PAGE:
Set Up a Pirate Radio Station
From Wired How-To Wiki
Ah, Christian Slater. In 1990 you hijacked your local airwaves (and our hearts) in "Pump Up The Volume." Now thanks to the free flow of information on the web, anyone can start their own pirate radio station. Here's all you need to become your city's favorite underground shock jock:
A Word on Legality Issues
Depending on where you are in the world, there are a few different things that make pirate broadcasts illegal. The cardinal sin stateside (as far as the FCC is concerned) is broadcasting on unlicensed radio spectrum. Although the FCC is often a buzzkill, in many ways its rules regarding pirate broadcasts make sense. If a high powered transmitter lands in the hands of a reckless amateur, all sorts of havoc can be wreaked on local radio communication. This can not only cause problems in the public safety sector (fire, police, emergency services), but it's also likely to disrupt the transmissions of legit broadcasters who actually paid for their chunk of licensed spectrum.
Also, there's the issue of royalties. Setting up your own "All Aqualung, All the Time" station might sound great, but if your transmission is located it's likely that the record industry will want a piece of the action. Depending on how flagrant the offense, pirate broadcasters can be hit with a combination of back royalties and fines -- and that's on top of financial beating the FCC dishes out. Naturally, we wouldn't condone illegal conduct of this type, but we imagine that this information might be useful for hobbyists.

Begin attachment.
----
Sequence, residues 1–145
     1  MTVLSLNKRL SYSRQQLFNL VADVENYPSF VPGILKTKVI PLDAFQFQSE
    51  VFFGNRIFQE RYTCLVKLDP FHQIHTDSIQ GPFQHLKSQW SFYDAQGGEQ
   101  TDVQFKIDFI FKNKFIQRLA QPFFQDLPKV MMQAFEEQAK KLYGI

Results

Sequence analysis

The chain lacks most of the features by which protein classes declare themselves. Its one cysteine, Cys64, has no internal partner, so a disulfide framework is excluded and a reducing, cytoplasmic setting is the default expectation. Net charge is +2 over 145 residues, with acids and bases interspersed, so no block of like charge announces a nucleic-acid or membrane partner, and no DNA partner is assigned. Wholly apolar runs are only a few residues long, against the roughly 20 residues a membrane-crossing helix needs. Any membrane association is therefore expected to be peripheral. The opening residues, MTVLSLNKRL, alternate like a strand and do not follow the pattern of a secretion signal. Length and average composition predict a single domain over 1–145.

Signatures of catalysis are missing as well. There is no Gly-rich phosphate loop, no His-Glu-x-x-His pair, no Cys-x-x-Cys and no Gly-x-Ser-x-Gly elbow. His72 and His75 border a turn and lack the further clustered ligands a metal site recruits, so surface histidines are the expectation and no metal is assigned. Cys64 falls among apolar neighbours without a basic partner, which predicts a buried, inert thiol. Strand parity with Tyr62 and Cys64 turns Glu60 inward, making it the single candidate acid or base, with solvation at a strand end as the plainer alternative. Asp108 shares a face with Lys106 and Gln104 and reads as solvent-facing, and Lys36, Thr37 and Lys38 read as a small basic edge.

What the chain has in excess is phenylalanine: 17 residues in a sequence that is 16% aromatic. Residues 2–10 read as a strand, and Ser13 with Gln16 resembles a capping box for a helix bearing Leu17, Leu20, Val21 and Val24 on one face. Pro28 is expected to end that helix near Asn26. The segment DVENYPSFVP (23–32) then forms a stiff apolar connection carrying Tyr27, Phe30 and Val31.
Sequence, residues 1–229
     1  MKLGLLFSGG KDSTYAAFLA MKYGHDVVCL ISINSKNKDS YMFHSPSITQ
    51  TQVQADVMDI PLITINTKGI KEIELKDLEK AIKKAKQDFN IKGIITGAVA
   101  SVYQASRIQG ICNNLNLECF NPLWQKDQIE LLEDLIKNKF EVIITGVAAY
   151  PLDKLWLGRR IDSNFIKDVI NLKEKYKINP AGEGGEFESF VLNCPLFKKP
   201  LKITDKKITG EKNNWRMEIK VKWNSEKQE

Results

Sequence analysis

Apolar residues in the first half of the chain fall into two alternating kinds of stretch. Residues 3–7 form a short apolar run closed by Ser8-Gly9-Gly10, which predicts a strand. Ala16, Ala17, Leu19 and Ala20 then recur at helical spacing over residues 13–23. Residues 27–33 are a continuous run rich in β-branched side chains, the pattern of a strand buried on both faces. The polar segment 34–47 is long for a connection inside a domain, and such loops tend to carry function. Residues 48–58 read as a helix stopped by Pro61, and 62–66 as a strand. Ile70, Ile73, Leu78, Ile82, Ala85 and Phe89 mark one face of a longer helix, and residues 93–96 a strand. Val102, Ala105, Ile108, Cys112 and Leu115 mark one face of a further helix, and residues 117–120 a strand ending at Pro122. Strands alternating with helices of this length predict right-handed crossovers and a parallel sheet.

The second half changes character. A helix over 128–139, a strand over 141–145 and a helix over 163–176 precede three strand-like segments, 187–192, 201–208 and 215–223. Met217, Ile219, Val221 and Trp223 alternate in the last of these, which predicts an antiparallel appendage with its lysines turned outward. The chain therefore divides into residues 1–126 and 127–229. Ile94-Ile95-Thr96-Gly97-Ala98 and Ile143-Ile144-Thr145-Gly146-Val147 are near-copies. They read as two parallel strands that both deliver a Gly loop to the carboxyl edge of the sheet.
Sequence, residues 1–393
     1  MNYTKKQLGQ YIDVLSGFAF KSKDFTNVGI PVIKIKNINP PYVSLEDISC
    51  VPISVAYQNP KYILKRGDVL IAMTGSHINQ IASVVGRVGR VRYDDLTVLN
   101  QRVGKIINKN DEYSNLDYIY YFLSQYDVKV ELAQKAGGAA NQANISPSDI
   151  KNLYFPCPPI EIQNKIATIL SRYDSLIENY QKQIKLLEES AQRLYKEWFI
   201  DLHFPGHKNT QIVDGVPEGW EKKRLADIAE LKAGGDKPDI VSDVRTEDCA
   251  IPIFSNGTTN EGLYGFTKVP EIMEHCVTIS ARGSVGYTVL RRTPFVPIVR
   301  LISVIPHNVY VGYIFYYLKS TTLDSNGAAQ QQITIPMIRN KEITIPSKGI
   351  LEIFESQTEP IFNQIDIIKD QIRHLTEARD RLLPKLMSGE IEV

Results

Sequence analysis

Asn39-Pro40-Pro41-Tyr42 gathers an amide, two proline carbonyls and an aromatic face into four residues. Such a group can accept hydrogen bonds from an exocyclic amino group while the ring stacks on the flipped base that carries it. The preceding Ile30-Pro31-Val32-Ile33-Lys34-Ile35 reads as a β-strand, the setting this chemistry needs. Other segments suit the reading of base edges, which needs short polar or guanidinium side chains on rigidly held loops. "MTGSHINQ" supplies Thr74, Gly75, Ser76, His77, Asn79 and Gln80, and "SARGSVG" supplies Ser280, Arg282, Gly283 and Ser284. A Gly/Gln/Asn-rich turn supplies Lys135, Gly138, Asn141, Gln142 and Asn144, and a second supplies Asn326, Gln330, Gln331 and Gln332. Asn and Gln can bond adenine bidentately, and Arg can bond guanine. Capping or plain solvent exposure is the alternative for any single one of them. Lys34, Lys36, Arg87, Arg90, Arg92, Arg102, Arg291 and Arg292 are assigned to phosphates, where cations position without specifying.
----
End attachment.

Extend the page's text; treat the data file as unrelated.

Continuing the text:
Step 1: Develop a Broadcast Format
Having a general concept for the content you're going to broadcast is not only important for sanity's sake. Knowing whether you'll be broadcasting voice or music can have a bearing on how you develop your studio. Want to run a music-heavy show? You're probably going to want to broadcast in stereo and on the FM band. Punditry and talk radio more your speed? You'll be able to get by on AM transmissions, but you're going to want to pay special attention to properly equalizing your equipment for voice.
TIP: Does the notion of a live mic and listeners make you antsy? You might want to consider recording your broadcast ahead of time to avoid some of the headaches of live broadcasts. This may prove a boon if you're new to mixing and audio production. It not only gives a mulligan for misspoken words and awkward transitions, but you can also perfect little mixing tricks like smoothly fading between songs.
Step 2: Assemble Your Studio